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Family Fears for Safety of Deported Detainee

Mystery: INS escorts man to Pakistan, where he was taken into custody. No one has heard from him since.

September 20, 2002|GREG KRIKORIAN | TIMES STAFF WRITER

A longtime California resident, who a decade ago attended flight schools with a now-convicted terrorist, has been deported to Pakistan, and his whereabouts are a mystery to family, friends and U.S. officials.

Nasir Ali Mubarak agreed last month to leave the U.S. under pressure from federal authorities who long ago determined that his student visa had expired.

But after being escorted to Pakistan by two INS agents, Mubarak, 35, was taken into custody by plainclothes Pakistani authorities, according to the INS. Mubarak has not been heard from again.

Mubarak's detention has angered his American-born wife and prompted Amnesty International to formally request that the U.S. government take steps to ensure his safety.

"The fact is the U.S. government sent him back, and then they say they don't know where he is. And that is really disgusting to me," said Stephanie Mubarak, who lives just outside Chico, where her husband ran an aircraft painting business.

In letters to U.S. officials, Amnesty International raised "grave and pressing fears" about the well-being of Mubarak, who moved to California from the United Arab Emirates in 1991 and had not been in Pakistan since he was 3 years old.

"The U.S. has an obligation not to return anyone to a country where they are at risk of serious human rights abuses," wrote Ignacio Saiz, the program director in America for the human rights organization.

Mubarak, a pilot who has two American-born children, was among hundreds of foreign nationals questioned by the FBI immediately after the attacks of Sept. 11. Records and interviews show Mubarak came to the attention of federal authorities because he was a friend and roommate a decade ago of Abdul Hakim Murad, a Pakistani sentenced to life in prison for plotting to blow up 12 U.S. jetliners.

Since Sept. 11, more than 1,000 people detained across the country for questioning have been deported for immigration violations. But Mubarak's case appears to be a rarity, said Los Angeles attorney Paul Hoffman.

"As a civil rights lawyer, I have been involved in litigation where people detained after Sept. 11 have been deported," said Hoffman, who was recently named chairman of Amnesty International. "And I have not heard of any case like this where someone has been deported and then not heard from."

After questioning Mubarak several times beginning Sept. 11, authorities never charged him with any links to terrorism. Indeed, an FBI report in June detailed the friendship between Mubarak and Murad but also noted that Mubarak is not a practicing Muslim and "is not a member of any groups."

That same month, he was taken into custody at Dallas/Fort Worth International Airport while traveling with his wife.

Mubarak had faced deportation since 1999 for overstaying his student visa and had remained free while appealing on grounds that he was eligible for permanent residency based on his marriage. But after the June arrest, authorities pressed their case to deport him and contended that he was a flight risk who should not be released from custody.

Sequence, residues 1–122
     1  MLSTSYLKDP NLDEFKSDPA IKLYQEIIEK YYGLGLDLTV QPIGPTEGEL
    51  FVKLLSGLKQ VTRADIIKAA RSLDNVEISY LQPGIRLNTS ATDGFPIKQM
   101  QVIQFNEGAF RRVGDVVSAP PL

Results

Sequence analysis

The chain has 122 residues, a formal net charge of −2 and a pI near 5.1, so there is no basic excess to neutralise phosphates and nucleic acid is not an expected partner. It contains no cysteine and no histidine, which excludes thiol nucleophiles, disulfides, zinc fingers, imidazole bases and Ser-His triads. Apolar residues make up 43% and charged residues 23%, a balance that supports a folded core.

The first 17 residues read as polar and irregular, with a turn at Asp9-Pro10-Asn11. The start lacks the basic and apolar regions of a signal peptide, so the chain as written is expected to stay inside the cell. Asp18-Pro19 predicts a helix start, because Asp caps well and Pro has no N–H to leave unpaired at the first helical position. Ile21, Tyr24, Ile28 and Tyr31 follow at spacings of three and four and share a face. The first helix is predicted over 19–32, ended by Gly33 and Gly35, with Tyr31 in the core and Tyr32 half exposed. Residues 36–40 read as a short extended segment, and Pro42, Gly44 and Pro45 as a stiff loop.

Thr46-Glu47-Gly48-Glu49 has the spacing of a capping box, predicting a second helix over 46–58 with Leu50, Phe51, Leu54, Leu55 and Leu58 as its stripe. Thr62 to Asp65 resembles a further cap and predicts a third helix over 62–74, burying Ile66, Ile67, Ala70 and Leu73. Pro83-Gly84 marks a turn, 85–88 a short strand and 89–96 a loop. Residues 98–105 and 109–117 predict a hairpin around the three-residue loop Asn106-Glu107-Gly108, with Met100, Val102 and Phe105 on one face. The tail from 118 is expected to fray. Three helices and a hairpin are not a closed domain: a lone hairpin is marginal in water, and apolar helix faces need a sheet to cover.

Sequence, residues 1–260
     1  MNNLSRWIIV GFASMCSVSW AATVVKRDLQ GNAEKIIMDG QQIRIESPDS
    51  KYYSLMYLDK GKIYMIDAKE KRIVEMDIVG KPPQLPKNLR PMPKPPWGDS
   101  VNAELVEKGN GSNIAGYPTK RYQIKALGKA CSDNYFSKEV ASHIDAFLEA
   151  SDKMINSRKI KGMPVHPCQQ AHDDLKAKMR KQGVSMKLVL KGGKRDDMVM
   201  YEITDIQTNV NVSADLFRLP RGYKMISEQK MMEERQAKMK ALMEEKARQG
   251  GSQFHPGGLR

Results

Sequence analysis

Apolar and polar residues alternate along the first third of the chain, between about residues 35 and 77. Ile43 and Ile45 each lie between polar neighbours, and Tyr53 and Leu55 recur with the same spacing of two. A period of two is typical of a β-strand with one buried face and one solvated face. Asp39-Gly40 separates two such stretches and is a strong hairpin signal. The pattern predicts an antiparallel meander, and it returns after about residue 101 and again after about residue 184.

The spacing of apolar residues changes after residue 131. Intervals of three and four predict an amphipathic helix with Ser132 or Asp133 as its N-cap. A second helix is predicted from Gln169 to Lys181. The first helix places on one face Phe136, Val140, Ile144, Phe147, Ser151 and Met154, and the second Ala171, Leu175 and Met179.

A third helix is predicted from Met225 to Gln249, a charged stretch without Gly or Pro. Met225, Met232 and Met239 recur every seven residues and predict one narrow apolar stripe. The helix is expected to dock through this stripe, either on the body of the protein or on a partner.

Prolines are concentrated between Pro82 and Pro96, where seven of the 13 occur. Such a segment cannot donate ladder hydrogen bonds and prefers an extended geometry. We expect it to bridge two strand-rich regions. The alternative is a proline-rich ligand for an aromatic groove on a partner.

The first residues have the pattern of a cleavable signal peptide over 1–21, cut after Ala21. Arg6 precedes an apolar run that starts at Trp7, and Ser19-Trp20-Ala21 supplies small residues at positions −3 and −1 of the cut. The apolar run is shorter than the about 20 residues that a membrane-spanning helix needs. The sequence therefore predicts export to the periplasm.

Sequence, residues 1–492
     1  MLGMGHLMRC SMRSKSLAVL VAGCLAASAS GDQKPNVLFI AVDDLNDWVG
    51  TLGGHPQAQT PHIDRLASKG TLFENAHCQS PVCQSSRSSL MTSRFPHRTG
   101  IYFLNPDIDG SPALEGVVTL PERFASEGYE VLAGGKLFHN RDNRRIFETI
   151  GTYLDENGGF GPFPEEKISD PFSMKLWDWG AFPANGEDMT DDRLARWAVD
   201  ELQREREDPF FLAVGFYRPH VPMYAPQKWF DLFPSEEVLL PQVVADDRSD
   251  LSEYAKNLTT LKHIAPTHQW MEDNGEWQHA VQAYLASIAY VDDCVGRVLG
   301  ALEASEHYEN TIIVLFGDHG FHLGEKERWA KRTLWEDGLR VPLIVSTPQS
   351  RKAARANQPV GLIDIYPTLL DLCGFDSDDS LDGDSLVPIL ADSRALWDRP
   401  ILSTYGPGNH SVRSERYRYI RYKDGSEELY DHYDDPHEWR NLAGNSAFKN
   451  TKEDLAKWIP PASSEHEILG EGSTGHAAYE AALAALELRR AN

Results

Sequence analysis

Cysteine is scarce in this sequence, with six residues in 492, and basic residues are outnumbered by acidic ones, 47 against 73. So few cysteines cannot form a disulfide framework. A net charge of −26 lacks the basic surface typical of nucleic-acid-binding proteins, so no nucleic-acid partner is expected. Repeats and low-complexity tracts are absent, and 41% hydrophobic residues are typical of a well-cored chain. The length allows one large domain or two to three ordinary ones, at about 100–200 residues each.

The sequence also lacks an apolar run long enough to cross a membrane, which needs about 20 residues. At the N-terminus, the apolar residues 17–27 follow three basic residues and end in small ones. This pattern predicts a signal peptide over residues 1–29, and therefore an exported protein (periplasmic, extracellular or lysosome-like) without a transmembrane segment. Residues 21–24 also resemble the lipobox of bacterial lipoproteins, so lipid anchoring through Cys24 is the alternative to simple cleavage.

Mubarak, who had long challenged his deportation, became so frustrated by his limited prospects of remaining in the U.S. that he agreed to leave the country, according to his wife and attorney.

"It was disconcerting for him to even go to Pakistan," said Stephanie Mubarak. "He didn't know what he would do there. He didn't know how he would make a living. He had no family there.

"But he told me he didn't want to be in a country that didn't want him," his wife said. "He said, 'I haven't done anything wrong ... and I will not live in fear of being picked up when I have done nothing."

On Aug. 29, Mubarak left the U.S. under the escort of two INS agents, arriving at the Islamabad airport the following night.

Alarmed that they had not hear from him since, his wife and his attorney requested information from the U.S. government.

An INS attorney in San Francisco replied in a Sept. 10 letter that after Mubarak and the INS officers arrived at the airport in Pakistan, they were approached by "persons who our officers believe were officials of the Pakistani government.

"These persons were not in uniform and did not identify themselves and so, the officers are not aware of the agency or agencies of the Pakistani government to which these officials belong," Paul K. Nishiie, assistant district counsel for the INS, wrote to Mubarak's attorney, Marc Van Der Hout.

Mubarak and the INS officers were driven to an airport lounge where their travel documents were examined, Nishiie wrote. "While in the executive lounge," he added, "Mr. Mubarak told one of the INS officers that he knew the person who appeared to be in charge of the other officials."

After their documents were examined, Mubarak and the INS officers were escorted outside the airport terminal to two parked cars and a jeep, Nishiie wrote.

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